Switching to driving electric vehicles really can save money everywhere in the U.S., even if your electric rates are high! The savings over gasoline are significant and range from 20% to over 60% depending where you are in the country. In many places you can drive an EV for less than $1 per gallon in equivalent cost!
Don’t believe the California Legislative Analyst’s Office (LAO) which recently published a report that included commentary indicating electrification could be slowed by high electricity prices. California has higher than average electricity prices, but electricity still comes significantly ahead of gasoline!
The EPA uses the eGallon to quantify the differences between "fueling" your car with electricity versus gasoline. As of today, they list the average price of gas as $2.51 nationwide, and the average price of an eGallon as $1.19, a 53% discount! The eGallon calculation uses electric rate, and the efficiency of ICE (internal combustion engines) and electric vehicles to create a price comparison. Looking at the difference between the two, an average driver will save $1.32 per gallon by switching to electric. That’s over $500 per year. The eGallon has some assumptions baked in, so actual savings may vary, but it is a good tool for comparison.
Of course, gasoline and electricity prices vary across the country. The two maps below show the average prices by state for the Continental US. The greatest savings for EV drivers are in regions with high gasoline prices and low electric rates (like Washington state), but drivers in every state are better off driving electric!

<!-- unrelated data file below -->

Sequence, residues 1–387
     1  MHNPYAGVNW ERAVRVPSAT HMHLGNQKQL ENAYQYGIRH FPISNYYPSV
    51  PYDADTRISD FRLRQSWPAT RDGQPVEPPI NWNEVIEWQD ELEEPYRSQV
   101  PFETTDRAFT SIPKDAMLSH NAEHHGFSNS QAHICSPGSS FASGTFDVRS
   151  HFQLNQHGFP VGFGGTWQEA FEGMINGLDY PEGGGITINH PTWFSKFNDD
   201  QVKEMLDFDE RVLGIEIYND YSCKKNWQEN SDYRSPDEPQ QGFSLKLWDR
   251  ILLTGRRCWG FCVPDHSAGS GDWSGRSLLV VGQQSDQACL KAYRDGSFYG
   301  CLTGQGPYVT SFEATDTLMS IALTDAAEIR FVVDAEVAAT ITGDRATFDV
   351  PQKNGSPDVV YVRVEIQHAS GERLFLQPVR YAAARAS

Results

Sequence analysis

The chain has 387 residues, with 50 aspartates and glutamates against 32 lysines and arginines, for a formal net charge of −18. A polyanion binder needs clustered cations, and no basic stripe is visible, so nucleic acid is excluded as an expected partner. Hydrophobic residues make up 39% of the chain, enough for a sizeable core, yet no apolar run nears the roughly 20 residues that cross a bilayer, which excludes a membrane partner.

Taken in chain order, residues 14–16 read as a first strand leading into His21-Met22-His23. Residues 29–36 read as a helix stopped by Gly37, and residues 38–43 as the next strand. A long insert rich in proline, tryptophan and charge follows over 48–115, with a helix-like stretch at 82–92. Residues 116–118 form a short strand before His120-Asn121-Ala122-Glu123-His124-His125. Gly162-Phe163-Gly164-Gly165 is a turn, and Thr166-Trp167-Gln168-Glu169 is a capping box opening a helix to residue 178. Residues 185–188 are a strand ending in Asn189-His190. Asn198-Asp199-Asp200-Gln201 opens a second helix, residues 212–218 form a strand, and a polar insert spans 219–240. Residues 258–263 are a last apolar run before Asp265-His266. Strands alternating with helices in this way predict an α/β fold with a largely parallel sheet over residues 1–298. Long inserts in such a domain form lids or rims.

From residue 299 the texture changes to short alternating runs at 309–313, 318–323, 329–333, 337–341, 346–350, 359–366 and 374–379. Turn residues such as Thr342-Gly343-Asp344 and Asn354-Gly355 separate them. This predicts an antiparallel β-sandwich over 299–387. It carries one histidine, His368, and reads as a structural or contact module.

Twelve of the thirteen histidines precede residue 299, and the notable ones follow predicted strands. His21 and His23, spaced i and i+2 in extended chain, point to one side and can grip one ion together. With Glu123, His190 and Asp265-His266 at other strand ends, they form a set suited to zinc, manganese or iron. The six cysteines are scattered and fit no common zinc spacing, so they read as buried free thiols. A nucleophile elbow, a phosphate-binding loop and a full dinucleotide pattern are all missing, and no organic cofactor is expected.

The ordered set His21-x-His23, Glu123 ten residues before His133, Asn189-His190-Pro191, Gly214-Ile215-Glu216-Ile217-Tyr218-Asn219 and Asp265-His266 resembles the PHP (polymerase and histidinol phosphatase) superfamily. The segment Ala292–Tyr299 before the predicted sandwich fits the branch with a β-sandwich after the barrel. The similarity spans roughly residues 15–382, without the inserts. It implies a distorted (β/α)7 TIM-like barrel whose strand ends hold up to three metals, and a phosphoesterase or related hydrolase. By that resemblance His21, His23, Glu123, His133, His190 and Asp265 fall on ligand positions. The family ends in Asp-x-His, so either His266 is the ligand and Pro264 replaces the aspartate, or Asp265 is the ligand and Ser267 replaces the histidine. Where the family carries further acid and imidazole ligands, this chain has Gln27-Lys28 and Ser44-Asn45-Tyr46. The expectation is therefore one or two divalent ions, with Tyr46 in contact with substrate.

To better make this distinction clear, look at this map showing the difference between the price of gasoline and eGallon.
Finally, looking at the savings as a percentage of the price per gallon, residents of 12 states could save more than 60% on fuel costs by switching to electric. Even in the “worst” states, residents can expect to save 20-30% on fuel! One of the biggest factors in this cost savings vehicle efficiency. Even the most efficient ICE engines waste the majority of their energy as heat. EVs are able to turn a much higher percentage of the energy into useful work, which means that even with low gas prices and high electric rates, EVs are a better bet.
Even if the reality is that basically everyone would save on fuel costs by switching to electric, let’s look at one last diagram. If high electric rates are slowing transportation electrification, we would expect to see states with higher electric rates have lower EV adoption. The chart below shows that states with higher electric rates tend to have higher EV adoption rates.
This indicates that other factors, not electric rates, are driving EV adoption (or lack thereof). It also means that most utilities don't need to offer a discounted rate to encourage EV adoption! We're always using data to examine what is "known" in the industry, and are often surprised by the results.